Category Archives: Mountain Biking

Wheeler Canyon -> Green Pond Trail

I guess after having made it as far up as I could go at SnowBasin, the only logical thing to do next was to start lower and try to get to the top, to do that you start at the Wheeler Canyon trailhead right next to the Pineview Reservoir dam. Wheeler Canyon is a wide trail, and is a lot of fun to come down riding over all the rock outcroppings on the trail. Only problem is horse crap, as usual with forest service trails. Anyway I was feeling like I could climb about 3000 vertical feet or more, but to do that I would’ve had to start a couple hours earlier. To get to the Needles Lodge from Wheeler Canyon would be 4300 vertical feet, just for reference. I only made it to the top of the Green Pond Loop Trail 20 minutes before the sun set. Around that point in time I pulled the sweetest move — my front tire found some rodents underground burrow, and since the rain had softened the ground, my tire dropped straight down about 4 inches, which wouldn’t have been a big deal except my front tire had a big rock in front of it that I was going to ride over. The sweet part is what happened next, I just endo’d, yup, right over the top. Since I was going up a small hill at the time it was a slow, graceful endo. That’s not the best part though; I endo’d right into a nice stretch of mud, and I had an impressive bloody dent in my lower leg! It just doesn’t get better than that, being all covered in mud looking like you went to war on your ride, with the wounds to prove it. Since I didn’t have much time to get down off the mountain I took the Old Snowbasin Highway back to the Art Nord trailhead (max speed, 39 MPH on the highway), and went from there to the Wheeler Creek trailhead.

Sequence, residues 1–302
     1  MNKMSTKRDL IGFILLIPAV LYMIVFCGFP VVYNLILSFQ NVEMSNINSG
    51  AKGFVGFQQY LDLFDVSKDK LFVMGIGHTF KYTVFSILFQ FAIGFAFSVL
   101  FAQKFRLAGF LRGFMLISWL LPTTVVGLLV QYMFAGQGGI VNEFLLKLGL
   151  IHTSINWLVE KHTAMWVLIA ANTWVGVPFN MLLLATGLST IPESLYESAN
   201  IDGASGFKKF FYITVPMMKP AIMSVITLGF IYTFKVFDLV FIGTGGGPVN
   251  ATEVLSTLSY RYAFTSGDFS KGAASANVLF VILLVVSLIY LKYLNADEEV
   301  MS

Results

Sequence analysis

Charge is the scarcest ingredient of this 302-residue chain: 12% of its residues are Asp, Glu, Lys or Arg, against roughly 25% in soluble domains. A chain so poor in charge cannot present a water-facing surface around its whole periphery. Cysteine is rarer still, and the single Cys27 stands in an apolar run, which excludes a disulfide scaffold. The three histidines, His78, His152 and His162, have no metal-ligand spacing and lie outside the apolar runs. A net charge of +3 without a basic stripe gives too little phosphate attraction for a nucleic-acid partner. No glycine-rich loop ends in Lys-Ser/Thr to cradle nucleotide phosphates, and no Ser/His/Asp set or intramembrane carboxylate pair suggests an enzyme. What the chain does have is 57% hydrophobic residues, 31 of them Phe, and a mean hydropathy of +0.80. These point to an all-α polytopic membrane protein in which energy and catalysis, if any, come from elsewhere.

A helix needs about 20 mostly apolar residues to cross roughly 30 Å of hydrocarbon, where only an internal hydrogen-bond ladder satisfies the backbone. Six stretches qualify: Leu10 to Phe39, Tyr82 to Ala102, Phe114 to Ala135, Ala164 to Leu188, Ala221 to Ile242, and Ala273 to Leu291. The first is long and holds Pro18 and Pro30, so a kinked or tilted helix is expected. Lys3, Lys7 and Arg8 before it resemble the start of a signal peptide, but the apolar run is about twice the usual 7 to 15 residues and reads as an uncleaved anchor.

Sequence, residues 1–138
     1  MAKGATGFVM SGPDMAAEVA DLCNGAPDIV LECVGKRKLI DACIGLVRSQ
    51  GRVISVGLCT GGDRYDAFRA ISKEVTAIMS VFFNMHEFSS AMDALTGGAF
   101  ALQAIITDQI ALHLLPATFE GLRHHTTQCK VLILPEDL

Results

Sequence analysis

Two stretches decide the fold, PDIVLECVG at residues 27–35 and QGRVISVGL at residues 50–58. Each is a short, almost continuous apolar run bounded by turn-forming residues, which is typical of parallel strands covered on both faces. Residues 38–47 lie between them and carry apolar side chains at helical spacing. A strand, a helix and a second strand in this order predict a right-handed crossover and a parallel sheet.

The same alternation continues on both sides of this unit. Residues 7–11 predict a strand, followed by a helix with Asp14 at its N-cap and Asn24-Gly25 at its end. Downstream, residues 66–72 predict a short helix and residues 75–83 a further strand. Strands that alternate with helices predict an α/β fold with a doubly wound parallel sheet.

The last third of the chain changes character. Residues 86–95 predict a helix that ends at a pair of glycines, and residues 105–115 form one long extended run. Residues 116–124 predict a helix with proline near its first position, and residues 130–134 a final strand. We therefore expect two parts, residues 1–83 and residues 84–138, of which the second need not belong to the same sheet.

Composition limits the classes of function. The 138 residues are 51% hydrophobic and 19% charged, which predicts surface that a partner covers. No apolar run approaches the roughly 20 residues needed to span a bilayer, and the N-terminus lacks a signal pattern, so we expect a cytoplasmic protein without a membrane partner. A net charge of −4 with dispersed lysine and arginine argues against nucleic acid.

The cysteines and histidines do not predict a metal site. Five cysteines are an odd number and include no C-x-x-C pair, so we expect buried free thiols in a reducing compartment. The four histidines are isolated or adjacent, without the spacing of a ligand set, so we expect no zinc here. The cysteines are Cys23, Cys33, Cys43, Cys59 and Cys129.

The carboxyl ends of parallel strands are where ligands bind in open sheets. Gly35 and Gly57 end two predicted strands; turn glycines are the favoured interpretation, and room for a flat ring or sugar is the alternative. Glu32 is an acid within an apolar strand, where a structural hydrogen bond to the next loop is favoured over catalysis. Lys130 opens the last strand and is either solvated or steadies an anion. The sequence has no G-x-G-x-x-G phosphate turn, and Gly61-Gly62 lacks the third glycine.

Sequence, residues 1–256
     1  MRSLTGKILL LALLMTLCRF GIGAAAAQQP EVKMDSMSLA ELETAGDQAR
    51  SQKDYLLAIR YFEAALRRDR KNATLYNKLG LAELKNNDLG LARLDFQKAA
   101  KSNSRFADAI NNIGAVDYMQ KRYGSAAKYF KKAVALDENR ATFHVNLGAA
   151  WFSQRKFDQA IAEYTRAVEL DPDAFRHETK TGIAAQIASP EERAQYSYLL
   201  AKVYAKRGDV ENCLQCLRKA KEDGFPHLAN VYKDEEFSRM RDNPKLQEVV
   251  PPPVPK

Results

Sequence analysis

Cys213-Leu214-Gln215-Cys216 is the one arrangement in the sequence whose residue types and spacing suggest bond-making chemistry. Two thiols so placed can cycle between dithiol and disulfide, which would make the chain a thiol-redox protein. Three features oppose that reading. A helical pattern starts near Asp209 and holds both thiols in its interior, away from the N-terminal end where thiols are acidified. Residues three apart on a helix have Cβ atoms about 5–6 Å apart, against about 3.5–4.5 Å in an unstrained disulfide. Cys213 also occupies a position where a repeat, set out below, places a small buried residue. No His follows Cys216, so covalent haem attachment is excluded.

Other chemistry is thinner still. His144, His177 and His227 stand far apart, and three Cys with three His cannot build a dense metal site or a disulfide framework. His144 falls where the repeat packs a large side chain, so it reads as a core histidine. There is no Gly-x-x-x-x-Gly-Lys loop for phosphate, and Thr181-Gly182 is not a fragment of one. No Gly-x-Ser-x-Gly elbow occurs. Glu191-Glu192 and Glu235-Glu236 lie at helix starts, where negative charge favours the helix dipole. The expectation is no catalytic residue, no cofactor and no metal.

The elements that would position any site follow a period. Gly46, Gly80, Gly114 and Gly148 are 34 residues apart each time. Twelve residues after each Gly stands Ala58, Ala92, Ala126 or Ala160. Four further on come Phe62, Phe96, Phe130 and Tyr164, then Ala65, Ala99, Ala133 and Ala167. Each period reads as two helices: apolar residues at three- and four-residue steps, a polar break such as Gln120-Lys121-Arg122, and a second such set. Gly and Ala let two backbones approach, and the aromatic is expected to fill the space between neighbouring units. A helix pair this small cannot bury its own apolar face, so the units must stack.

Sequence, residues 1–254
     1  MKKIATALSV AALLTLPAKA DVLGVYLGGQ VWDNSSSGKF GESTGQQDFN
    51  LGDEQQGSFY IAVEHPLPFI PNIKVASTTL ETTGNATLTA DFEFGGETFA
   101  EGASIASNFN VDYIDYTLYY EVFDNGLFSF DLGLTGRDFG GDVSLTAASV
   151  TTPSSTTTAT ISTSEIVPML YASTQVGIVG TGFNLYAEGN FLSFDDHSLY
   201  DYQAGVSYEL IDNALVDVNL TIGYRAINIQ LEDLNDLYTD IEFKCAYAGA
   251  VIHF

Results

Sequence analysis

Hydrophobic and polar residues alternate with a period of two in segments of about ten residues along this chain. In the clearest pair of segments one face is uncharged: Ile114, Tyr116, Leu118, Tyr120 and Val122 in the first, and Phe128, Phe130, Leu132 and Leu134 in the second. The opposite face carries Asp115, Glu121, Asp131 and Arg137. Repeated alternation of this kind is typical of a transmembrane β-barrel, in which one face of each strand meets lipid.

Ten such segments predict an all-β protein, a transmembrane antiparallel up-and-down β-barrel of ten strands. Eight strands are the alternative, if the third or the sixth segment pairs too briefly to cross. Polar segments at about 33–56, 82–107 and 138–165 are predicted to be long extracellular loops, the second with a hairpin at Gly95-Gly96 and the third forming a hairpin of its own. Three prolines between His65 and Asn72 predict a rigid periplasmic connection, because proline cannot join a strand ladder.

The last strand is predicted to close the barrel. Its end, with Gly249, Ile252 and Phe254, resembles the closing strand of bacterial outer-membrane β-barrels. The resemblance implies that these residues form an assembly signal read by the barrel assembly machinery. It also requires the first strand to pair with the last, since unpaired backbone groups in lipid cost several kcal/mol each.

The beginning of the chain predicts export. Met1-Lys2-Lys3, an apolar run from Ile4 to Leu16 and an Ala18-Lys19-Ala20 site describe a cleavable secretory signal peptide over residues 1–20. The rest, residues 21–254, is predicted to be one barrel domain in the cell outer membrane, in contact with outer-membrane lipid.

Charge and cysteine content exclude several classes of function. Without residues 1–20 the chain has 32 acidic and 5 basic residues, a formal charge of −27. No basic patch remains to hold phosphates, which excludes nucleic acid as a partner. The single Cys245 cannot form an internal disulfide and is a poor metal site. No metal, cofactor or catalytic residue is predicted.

All in all, 2,384 ft climbed over 14.3 miles

SnowBasin — All the way to the top

After weeks & weeks of climbing the mountain I finally climbed all the way to the top. I wasn’t planning on going all the way, but once I saw the Needles lodge, I knew I’d be very disappointed if I didn’t get there. For this ride I took the Needles Trail from the parking lot at the base. Once I was into the middle section of the mountain I took the Diamond Trail up to the Philpot Trail where I eventually rejoined the Needles trail. I excruciatingly made my way from there up the final ascents to the lodge. I parked my butt at the lodge for about 20 minutes, just chilling before I headed back down. For the trip down I took the Porcupine Trail, effectively covering most of the mountain. It took 3 1/2 hours to do all this, and the sun had set by the time I made it back to the parking lot.